XC coach Nancy Almaraz brings rich experiences to Johnson

by Samuel Abbas | staff writer

From a young age, Nancy Almaraz realized coaching was her passion. All throughout school, she had encouraging coaches who helped her succeed in sports as well as teach her important life lessons.

“I’ve always had the passion to coach since around junior high. I had amazing coaches in junior high, high school and college. I had no doubt after my athletic career that I wanted to become a coach,” Almaraz said.

After serving at 8 different coaching positions at seven different schools in four different cities, coach Nancy Almaraz is staying put for the moment  at Johnson high school, where she coaches cross country and girls track, as well as teaching Healthy Lifestyles.

“I am on my 31st year coaching. I started off in 1985 at Roosevelt, then we got married and went to Big Spring, Texas, then we went to Mt. Pleasant, Texas, then I taught at Lafayette high school, then we came back to Texas, I went to Taft and then Roosevelt (again), Reagan and finally Johnson,” Almaraz said.

Traveling and coaching in different environments have helped coach Almaraz realize the dedication and passion needed to continue doing what she loves. Almaraz has realized every place is unique and without those experiences, she wouldn’t be where she is today

Coach A cheers on a runner at the finish while sporting her iconic hairstyle.
Coach A cheers on a runner at the finish while sporting her iconic hairstyle.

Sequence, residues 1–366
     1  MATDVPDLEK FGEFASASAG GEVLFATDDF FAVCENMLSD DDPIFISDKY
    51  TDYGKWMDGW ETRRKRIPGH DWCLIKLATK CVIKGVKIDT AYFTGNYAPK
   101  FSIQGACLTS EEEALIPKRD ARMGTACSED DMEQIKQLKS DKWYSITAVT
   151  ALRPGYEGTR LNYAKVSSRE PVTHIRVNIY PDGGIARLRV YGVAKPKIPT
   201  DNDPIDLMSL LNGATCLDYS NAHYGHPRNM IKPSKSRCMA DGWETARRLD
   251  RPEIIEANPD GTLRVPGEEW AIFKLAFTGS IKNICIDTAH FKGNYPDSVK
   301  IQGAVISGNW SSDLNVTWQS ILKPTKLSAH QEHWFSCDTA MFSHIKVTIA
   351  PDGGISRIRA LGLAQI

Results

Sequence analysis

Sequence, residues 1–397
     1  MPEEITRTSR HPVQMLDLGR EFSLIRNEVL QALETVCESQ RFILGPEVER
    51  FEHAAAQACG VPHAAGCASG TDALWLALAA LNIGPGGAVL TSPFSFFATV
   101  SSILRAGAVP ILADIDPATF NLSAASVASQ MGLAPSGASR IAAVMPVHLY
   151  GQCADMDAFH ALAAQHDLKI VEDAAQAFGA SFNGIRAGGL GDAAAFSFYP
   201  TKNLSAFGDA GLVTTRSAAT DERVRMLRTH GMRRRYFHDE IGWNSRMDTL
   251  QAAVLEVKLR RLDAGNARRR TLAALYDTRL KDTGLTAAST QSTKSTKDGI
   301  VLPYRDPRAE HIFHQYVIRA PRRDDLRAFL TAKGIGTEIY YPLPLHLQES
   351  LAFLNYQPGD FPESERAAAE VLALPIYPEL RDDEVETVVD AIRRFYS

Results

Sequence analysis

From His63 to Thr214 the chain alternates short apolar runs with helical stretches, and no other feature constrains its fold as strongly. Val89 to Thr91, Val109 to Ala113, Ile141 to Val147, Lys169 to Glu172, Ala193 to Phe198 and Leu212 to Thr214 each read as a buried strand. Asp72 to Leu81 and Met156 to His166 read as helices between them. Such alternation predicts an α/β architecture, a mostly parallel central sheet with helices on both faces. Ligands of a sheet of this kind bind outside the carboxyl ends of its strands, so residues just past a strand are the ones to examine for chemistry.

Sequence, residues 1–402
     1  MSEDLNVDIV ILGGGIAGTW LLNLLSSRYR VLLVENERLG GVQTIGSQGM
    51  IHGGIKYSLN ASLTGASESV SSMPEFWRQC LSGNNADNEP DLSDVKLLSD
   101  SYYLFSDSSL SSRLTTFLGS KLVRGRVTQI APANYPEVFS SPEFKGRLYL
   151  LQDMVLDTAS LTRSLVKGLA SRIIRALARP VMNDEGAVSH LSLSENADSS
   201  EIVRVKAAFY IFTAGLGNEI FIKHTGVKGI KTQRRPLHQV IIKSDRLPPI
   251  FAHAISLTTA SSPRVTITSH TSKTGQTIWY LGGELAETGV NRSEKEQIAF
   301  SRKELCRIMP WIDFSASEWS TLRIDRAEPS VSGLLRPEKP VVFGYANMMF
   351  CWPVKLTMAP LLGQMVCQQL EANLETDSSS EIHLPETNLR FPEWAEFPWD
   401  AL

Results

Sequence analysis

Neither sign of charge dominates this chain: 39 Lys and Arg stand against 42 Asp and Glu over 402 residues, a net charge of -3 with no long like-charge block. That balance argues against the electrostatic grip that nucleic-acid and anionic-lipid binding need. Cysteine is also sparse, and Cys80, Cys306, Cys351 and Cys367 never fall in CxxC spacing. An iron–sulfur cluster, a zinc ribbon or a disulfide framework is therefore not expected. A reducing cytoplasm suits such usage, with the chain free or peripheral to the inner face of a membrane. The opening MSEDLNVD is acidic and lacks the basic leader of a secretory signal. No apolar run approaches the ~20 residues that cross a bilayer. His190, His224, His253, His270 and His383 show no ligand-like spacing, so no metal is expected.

“They each have a special place in my heart. Each school has been different because they each had different programs with unique staffs and athletes. Every one holds a different stepping stone to where I am now. I’ve learned a lot along the way about athletes, programs and schools because they each direct their school differently. They are all unique in their own way”, Almaraz said.

Over the years Almaraz has realized the dedication and commitment it takes to continue in sports such as cross country and track. Her policies have also changed due to the realization of the amount of commitment needed in these sports.

“Well I feel like running is a lifetime sport so, if somebody wants to make a commitment to coming to practices at six in the morning everyday and continue their commitment to be a part of the cross country team, I’m all for it,” Almaraz said.

In her athletic career Almaraz played mainly basketball and volleyball, but she likes to coach the runner purely for a challenge. She likes the difficulty of helping someone develop not only as an athlete but, also as an individual.

“I did all sports when I was a kid, mainly focusing on tennis and basketball and I played both those sports in college. I was a volleyball and basketball coach for 15 years and I switched over to cross country. I enjoy coaching the runner because it is more difficult for me because I loved playing volleyball and basketball. Coaching the runner is purely my passion. I like seeing the challenge and knowing I have it ahead of me,” Almaraz said.


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